Published On: Mon, Sep 24th, 2018

Trade war enters new phase as China increases tariffs on US commodities

Trade war enters new phase as China increases tariffs on US commodities

As the trade war between China and the USA enters new phase, China has raised tariffs on $60 billion worth of U.S. imports in retaliation to economic steps taken by Trump against China. Chinese administration also accused Washington of bullying Beijing and its partners in the region and damaging the global economy.

It was announced by Chinese officials that China had started collecting additional taxes of 5 and 10 percent on goods worth US$60 billioncoinciding with the time for Trump’s planned tariff hike on US$200 billion worth of Chinese imports to take effect.

To refresh our memories, both administrations had imposed a 25 per cent fine on US$ 50 billion worth of their goods in July, during the first round of the economic conflict which started with U.S. complaints about Beijing’s plans for creation of state-led robotics and some other technology industries. Looking at the developments in the economic war between two countries the picture is not very promising for achievement of a mutually satisfactory solution to be in favor of the whole world as well. Still, let us hope the other way round but have a look at prospects of China playing a leading role in the “not far” future.

Experts say China will be the new global boss in economy in the 2030s, together with the BRIC countries. This new situation will end the unipolar order of the United States.

China’s population is about 1.38 billion as of 2018 meaning one in five people in the world population is Chinese. On the other handChina’s economic success is largely macroeconomic, focusing on stable governments, high savings and investment rates, dynamic (and state-sponsored) trade, investment and industrial policies, patient-oriented, strategic planning, disciplined business ethics based on family ties, control of inflation and public deficits etc.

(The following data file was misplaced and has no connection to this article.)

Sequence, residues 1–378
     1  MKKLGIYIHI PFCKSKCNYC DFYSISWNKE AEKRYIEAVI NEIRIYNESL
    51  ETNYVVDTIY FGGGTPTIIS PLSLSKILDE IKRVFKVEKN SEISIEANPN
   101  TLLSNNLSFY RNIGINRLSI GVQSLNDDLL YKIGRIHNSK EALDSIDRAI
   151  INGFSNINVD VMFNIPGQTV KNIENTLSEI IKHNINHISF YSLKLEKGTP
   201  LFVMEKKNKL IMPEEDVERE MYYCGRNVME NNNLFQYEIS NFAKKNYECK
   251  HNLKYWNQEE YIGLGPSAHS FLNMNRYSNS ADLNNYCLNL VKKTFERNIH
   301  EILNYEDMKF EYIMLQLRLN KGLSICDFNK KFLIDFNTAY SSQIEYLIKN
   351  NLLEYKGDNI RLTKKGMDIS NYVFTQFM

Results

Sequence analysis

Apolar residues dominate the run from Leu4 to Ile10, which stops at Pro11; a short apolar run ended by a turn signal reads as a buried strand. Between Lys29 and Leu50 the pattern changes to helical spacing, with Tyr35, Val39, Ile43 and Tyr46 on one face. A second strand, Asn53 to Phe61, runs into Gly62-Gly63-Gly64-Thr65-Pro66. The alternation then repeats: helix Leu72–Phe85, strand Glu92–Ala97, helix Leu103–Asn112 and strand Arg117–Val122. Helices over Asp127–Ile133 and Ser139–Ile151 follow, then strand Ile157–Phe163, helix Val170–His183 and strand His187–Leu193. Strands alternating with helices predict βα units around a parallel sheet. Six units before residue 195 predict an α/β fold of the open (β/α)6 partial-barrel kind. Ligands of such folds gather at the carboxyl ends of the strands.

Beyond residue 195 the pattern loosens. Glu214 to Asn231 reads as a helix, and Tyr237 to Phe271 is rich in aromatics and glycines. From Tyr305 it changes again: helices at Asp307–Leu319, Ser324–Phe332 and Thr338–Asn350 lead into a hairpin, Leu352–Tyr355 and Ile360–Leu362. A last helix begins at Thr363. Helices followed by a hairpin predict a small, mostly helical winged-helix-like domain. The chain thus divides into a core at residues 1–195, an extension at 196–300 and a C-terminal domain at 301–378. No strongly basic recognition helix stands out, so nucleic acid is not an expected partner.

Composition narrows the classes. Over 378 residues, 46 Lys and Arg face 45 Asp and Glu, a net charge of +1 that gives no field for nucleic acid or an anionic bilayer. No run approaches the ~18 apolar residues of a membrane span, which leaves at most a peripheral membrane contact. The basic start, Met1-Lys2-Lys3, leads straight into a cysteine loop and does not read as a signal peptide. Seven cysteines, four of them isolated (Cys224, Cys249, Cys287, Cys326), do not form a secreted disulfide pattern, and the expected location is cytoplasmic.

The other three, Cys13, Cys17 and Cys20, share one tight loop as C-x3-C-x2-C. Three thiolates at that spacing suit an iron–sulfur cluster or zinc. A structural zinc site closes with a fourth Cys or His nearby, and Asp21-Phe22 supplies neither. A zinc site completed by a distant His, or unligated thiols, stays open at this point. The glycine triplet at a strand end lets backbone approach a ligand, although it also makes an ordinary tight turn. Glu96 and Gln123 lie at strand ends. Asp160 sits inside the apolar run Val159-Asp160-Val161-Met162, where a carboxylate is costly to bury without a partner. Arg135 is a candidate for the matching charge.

China’s rebirth has obviously been triggering one of the great transformations of the 21st century. This upswing will inevitably end the unipolar order of the US, but that does not necessarily mean that a bloody power settlement will take place. The US-led international order can remain dominant even when it includes a much stronger China. In the event of normal China’s strengthening and the erosion of the US position, China could use its growing influence to restructure the rules of the international system to take account of its own interests, while other states in the system could see China as an increasing threat.

The developments led by China should not be over overestimated, nor should they be underestimated. The West still maintains its relative superiority in certain areas. Of course, it will not withdraw from the scene and hand over its position to the BRIC group of China, India, Russia and Brazil, at once.

What would happen is, only traditional balances would be displaced and all parties would determine their positions in the global system in parallel to their power. By the 2030s, the group led by China and India would be dominating global economy – unless an unexpected tremendous political turmoil or natural catastrophe is incurred in the world.

There is no doubt that the US administration is also aware of this picture and must have already been looking for remedies to prevent the undesired consequence. However as a Turkish proverb goes “fear is not good enough to avoid fate” and unless a sufficient solution is worked out by the US in the not too far future, it seems that China – together with other Bric countries – will be the new leading power in the world of economy by 2030s.

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